It is a really good question.
Unfortunately, to my chagrin and annoyance,
When I turned to some hoped-for illumination,
I received no appreciable answer.
Wasting my valuable time.
(And that’s my job.)
Here’s the thing.
For some reason, addressed – no, “addressed” accords them unearned credit – alluded to – that’ll teach em! – in the TCM documentary Hollywood’s Golden Year, the year 1939 produced a greater number of memorable movies than any year in the industry’s history. Before or since.
Wouldn’t it be nice to know why?
I thought so.
So I turned TCM’s hour-long documentary on the subject to find out.
You know what I learned?
They had no idea why.
They didn’t say so out loud.
They just didn’t say anything.
That’s “No clue”,
But without the honesty.
They showed numerous “film clips.” Wove in ”Talking Head” pontification. There was archival interview footage of “Giants in the Business”, including the Rushmorian Frank Capra.
But there was no detectable rationale for why 1939 was the best movie year ever.
(There is the possibility it was a fluke. But who watches an hour to hear that?)
It is normally a risky proposition to rate movies, because everyone has their personal “Favorites.” (And a harbored disdain for the personal “Favorites” of others. (Friendships have been destroyed by far less than “Your movie taste sucks.”)
Still, Gone With The Wind, The Wizard of Oz, Mr. Smith Goes To Washington? Most people would consider them indisputably “Top-of-the-Line.”
All of them came out in 1939.
As did The Hunchback of Notre Dame, Ninotckka, Goodbye, Mr. Chips, Stagecoach, Young Mr. Lincoln, Beau Geste, Drums Along the Mohawk, Gunga Din and Destry Rides Again.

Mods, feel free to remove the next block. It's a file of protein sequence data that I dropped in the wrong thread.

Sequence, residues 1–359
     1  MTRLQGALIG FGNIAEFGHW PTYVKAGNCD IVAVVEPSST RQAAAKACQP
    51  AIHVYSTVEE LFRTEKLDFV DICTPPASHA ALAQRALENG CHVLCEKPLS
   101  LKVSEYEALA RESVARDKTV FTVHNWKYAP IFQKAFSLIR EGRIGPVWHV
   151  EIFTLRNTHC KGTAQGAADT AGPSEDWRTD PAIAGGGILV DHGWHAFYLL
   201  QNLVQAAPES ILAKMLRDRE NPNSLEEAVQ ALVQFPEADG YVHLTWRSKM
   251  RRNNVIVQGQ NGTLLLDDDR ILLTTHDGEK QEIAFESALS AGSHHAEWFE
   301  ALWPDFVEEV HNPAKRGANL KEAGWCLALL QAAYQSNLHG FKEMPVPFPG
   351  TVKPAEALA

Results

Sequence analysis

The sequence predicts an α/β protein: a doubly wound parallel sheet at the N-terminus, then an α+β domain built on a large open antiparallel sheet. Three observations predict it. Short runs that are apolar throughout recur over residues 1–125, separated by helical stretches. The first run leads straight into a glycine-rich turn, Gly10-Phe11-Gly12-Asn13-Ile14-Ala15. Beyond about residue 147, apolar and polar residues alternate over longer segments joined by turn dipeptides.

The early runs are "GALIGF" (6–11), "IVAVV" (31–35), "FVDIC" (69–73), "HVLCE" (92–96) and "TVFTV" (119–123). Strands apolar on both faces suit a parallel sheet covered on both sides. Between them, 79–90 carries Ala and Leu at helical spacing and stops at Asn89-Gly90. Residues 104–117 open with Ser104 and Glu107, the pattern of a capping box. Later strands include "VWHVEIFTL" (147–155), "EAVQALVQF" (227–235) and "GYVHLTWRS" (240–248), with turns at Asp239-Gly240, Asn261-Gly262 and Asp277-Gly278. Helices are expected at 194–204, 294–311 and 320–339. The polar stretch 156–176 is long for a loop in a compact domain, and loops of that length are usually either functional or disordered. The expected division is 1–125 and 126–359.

To name just eleven.
Name another year, yielding eleven noteworthy movies.
And I picked them from a much longer list. (Excluding “Weepy Romances”, which, even if great, I would never go near.)
There are actually even more standout movies I could have included. (Dodge City, The Little Princess, Juarez.)
That’s fourteen really good movies.
All of them from 1939!
It would be interesting to know how that happened. And reasonable to solicit the knowledgeable Turner Classic Movies to find out.
Sorry. No answer.
The Golden Year settles for providing the story of studios, simultaneously delivering the best movies each had ever produced. The closest approximation of a suggested rationale was some anointed “Talking Head” proclaiming, “They all stepped up their game.” Suggesting this outpouring of unparalleled excellence hinged on the intense competition.
But were those studios not also intensely competing in 1937?
And every other year they were collectively in business?
So what the heck was he talking about?
There was a persuasive explanation for why things changed after 1939.
Following World War II (1939-45), movies became murkily uncertain in their intentions, exchanging “narrative clarity” for buffeting “Post-War” confusion. Simultaneously, or close to it, studios were required to sell off their movie theaters, reducing revenues for future production. Television (with its free programming) loomed on the competitive horizon. And actors, abandoning contractual servitude, became “free agents”, weakening the studios’ access to stars, the combined cluster of factors leading to the creaky “Studio System’s” ultimate demise.
Watching The Golden Year, I got why they don’t make as many great movies in a single year anymore. But I was no closer to understanding their success that year than when I originally tuned in.
Maybe I should watch the documentary again. Sometimes, eager to make my point, I miss the point undercutting my point.
(It happens. Because I really like to be right.)
But if my point about this documentary is actually correct,
I’ll have a new point:
I did a better job than they did.